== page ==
Does being a transgender child entail being doomed to a life of posttraumatic stress and misery? At first glance it doesn’t look so good. Let’s start with the 41% attempted suicide rate. Yes, 41% – nearly half of transgender individuals have tried to kill themselves. Other research indicates that compared to cisgender children, transgender children have substantially higher rates of anxiety and depression (a fair estimate of post-traumatic stress when the latter is not directly assessed).
The obvious question is whether the transgender child’s terrible fate is somehow inherent to being transgender, or rather the result of the shaming, bullying, and discrimination that has been visited upon the child. Fortunately, the answer, as per a recent landmark study, is the latter.
For the first time, many transgender children are living openly as such, and enjoying social acceptance and support in their identities, so these “socially transitioned” transgender children can now be studied. Olsen and colleagues (2016) compared 73 socially transitioned transgender children (ages 3-12) to 73 matched controls and 49 cisgender siblings. Parents completed depression and anxiety measures regarding their children. The primary finding: “Socially transitioned transgender children who are supported in their gender identity have developmentally normative levels of depression and only minimal elevations in anxiety, suggesting that psychopathology is not inevitable within this group.”
I observed this dynamic in action with a child I know well, “Andy.” From age two or so he insisted on wearing dresses – “He wants to be like his older sister,” the parents explained to me. But the dress-wearing persisted into preschool. And he played “family” with the other girls, rather than playing cars with the boys. At age three he persistently said he was she, and to call her Ariel (presumably after the character in the Disney movie). Finally the parents got it: “We thought we had a boy, but we have a girl. At least for now, maybe it’ll change again, maybe not. But for now, we’ll respect and support her as a girl.”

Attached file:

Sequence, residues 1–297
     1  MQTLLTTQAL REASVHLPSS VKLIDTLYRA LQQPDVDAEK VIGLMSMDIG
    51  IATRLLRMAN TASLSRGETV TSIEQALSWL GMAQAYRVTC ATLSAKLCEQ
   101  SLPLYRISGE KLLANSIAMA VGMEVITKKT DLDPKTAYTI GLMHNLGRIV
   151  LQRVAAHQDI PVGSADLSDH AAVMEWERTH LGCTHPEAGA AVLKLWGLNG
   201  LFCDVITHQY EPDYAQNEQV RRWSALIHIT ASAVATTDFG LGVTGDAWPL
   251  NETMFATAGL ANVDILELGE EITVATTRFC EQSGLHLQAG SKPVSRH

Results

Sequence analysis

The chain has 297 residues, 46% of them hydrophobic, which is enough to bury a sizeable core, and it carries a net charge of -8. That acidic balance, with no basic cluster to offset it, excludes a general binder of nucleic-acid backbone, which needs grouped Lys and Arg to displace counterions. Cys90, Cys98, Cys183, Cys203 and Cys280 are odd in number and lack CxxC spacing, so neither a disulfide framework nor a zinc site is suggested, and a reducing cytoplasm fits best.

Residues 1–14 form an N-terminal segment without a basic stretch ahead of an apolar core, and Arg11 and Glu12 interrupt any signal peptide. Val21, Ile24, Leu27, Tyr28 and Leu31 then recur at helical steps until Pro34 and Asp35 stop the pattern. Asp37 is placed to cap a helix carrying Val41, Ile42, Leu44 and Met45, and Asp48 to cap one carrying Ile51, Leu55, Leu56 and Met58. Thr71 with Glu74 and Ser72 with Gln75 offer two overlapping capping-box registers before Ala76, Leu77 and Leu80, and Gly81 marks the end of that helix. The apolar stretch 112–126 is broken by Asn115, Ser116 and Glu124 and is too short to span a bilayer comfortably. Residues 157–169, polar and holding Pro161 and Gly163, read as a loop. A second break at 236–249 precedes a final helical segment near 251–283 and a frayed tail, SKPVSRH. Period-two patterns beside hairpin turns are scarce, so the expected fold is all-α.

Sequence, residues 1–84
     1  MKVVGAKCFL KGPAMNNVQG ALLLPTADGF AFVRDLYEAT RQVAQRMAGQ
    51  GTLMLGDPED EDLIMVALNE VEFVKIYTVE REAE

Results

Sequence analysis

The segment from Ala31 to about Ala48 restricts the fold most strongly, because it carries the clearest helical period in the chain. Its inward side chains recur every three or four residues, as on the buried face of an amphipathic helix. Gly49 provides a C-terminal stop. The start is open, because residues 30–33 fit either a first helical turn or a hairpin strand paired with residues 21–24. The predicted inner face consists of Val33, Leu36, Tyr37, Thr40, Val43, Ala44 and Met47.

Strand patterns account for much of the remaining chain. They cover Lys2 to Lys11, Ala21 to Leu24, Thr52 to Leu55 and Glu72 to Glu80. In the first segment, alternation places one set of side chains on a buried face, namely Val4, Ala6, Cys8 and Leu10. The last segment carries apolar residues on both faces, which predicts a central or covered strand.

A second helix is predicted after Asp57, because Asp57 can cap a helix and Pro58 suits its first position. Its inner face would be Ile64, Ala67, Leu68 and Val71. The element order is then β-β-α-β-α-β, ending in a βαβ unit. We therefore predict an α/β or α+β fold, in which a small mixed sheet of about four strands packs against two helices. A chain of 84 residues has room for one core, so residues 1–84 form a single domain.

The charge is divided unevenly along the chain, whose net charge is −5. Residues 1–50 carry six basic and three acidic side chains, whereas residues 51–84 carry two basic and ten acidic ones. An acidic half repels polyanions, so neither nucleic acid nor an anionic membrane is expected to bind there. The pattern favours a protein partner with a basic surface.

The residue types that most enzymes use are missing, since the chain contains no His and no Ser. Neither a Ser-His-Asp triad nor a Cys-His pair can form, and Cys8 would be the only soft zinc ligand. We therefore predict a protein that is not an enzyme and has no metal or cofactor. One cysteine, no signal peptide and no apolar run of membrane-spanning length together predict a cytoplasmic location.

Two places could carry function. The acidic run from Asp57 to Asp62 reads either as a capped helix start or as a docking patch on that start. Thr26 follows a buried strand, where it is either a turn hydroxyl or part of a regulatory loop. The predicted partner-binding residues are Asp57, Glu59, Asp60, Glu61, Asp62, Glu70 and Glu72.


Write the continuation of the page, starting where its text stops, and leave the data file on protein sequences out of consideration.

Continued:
Ariel did not like going to “school” where several of the children routinely challenged her identity. “You’re really a boy, right?” Finally Ariel’s mother met with the preschool teacher and gave her several books about boys who wear dresses and/or who say they are girls. The teacher started reading these books aloud to Ariel’s class, and guided the post-book discussions. The conclusion was that people get to say who they are, themselves. The children ran with this. One child proclaimed, “I’m Superman!” Another shouted, “Call me French Fry!” And Ariel got to be Ariel without further challenge.
Within days, Ariel’s parents noticed a dramatic change. She no longer protested going to school. In school, she went from being quiet and withdrawn to talkative and social. And at home she became happy – not every minute, but generally – for the first time in many months.
As time went on, Ariel’s community accepted her gender identity as a fact, and her parents’ concerns more closely matched other parents’ concerns about their children: “Does she have enough friends? How can we help her learn to tolerate frustration better?” Ariel’s transgender status was also a focus; for example, they made an effort to socialize with a couple of other families who also had a transgender child, to further normalize Ariel’s experience.
One day in Ariel’s fourth year, she announced that she didn’t want to be Ariel anymore; she wanted to be Andy again. Still a girl, but with her own name. Apparently she no longer needed that other girl name to establish that she was a girl. Following some discussion with her parents, though, the new spelling was Andie.
At this writing, Andie is four and a half, and basically a “normal kid” with various interests, strengths and challenges. She wears dresses often, because they’re pretty, and wears pants sometimes but not as often as her older sister. She has friends, mostly girls. Recently when an older cousin (who should have known better) said that Andie was really a boy, she became deflated: sad, quiet, withdrawn, for the rest of the day. Other times she is able to stand up for herself and correct the person without any apparent negative impact.
The clear conclusion is that the anxiety, depression, and suicidality that has long been associated with a child being transgender (previously called gender identity disorder) is not inherent, but rather is the result of bullying, rejection, disrespect, and discrimination. When the maltreatment is not present, transgender children have about the same range of mental health issues as other children. The slightly elevated anxiety may reflect the extra challenges associated with being a transgender child, that can persist even in a supportive environment.
Note: Andie’s name and details have been altered for confidentiality, despite the fact that Andie and her parents requested that her real name and details be used. My rationale is that Andie is not old enough to make a choice that could impact her as a teen and adult. As a socially transitioned transgender child, her preference for openness is appropriate. Even so, in an only partially transitioned society, I chose to exercise caution on her behalf. When she is older, she can write her own blog posts if she wants to.
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